• In one episode, a martial arts class is taught by Arnold, played by Pat Morita. Happily, Daniel-San was a better student than Richie.
    • Fonzie would not be the only television character to own a dog named "Spunky".
    • During the show's early run, Joanie was part of a Girl Scout troupe called the "Junior Chipmunks". The same name was used 26 years later for the scout troupe Kronk leads during his service at Camp Chippamunka in The Emperor's New Groove.
  • Ho Yay: In "Just a Piccalo", when Joanie agrees to go to Pfister Park with Jenny Piccalo to steal the statue there, Jenny kisses Joanie's hands to express her thankfulness.
  • More Popular Replacement:
    • Before Chachi, in early seasons Fonzie had another younger cousin named Spike who completely disappeared after season 4. Chachi is introduced in season 5 in a similar role, but is eventually Promoted to Love Interest and ends up becoming a main character until the end of the show. It helps that Chachi was very popular with teenage girls and was also a different character from his cousin, while Spike just acted like a mini-Fonzie, even wearing the same clothes.
    • Arnold was the owner of the Drive-In in season 3, is replaced by Al in seasons 4-9, and eventually comes back after Al's departure in season 10. Both characters were well-liked and it's hard to tell which of them is more popular.
  • Replacement Scrappy: Roger, the nephew introduced after the departure of the main hero Richie Cunningham. Unlike adorkable everyman Richie, Roger is seen by most fans as a forgettable Flat Character.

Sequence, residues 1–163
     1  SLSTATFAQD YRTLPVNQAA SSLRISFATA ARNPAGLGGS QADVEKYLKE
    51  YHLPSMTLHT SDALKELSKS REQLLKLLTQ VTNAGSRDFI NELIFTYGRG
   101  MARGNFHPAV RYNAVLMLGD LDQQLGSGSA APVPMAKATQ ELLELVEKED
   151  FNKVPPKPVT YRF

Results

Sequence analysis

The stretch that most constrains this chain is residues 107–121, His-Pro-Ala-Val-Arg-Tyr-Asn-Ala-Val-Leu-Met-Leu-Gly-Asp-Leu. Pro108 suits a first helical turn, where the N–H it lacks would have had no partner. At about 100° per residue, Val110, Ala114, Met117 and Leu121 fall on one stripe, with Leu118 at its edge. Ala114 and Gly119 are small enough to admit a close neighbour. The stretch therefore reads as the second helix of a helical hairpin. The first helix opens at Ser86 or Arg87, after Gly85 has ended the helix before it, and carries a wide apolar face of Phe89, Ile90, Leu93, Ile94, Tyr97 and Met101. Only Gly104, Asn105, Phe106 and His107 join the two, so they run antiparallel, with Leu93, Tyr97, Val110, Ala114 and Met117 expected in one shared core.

• Seasonal Rot: It started out as a very cool, low-key show, then became the ideal version of a standard sitcom with a Studio Audience. It started getting worse (the Trope-Named Shark-Jump) even before Richie left, but only got worse after that. Fonzie got a temporary full-time girlfriend for one season, and things got increasingly worse with gimmicks (one of them, having an alien appear, is forgivable considering it gave Robin Williams his big break and he made the most of it with his comedy genius creating a hilarious episode) and nonsense until a thankfully fantastic final episode.
  • Squick: In "The Cunningham Caper", Joanie talking about barf bags. Also, all the bad meat in the liver episode. Squicked out Fonzie too.
  • Suspiciously Similar Song: The theme from Season 3 onward has a chorus that seems heavily inspired by the intro and closing of "Can't We Be Sweethearts" by the Cleftones.
  • They Wasted a Perfectly Good Character: Chuck Cunningham had so much potential as an older brother to Richie and Joanie, but the writers simply got rid of him only because they thought Fonzie was already a "big brother figure" to Richie. At the very least, they could have made Chuck either a recurring guest character, or acknowledge his existence when they wrote him off the show.
  • Values Resonance: The episode "The Best Man" tackles the issue of racial segregation in 1974, when civil unrest was rampant.


How well does it match the trope?

Example of:


Media sources: